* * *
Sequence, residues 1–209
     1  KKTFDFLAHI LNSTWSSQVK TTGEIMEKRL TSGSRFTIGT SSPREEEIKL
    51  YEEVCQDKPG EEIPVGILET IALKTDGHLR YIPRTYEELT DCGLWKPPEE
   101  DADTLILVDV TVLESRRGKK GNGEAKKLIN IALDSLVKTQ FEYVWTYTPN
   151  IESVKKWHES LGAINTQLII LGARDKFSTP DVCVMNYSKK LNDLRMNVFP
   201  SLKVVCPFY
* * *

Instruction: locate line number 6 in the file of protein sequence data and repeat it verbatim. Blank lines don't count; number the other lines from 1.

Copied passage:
   201  SLKVVCPFY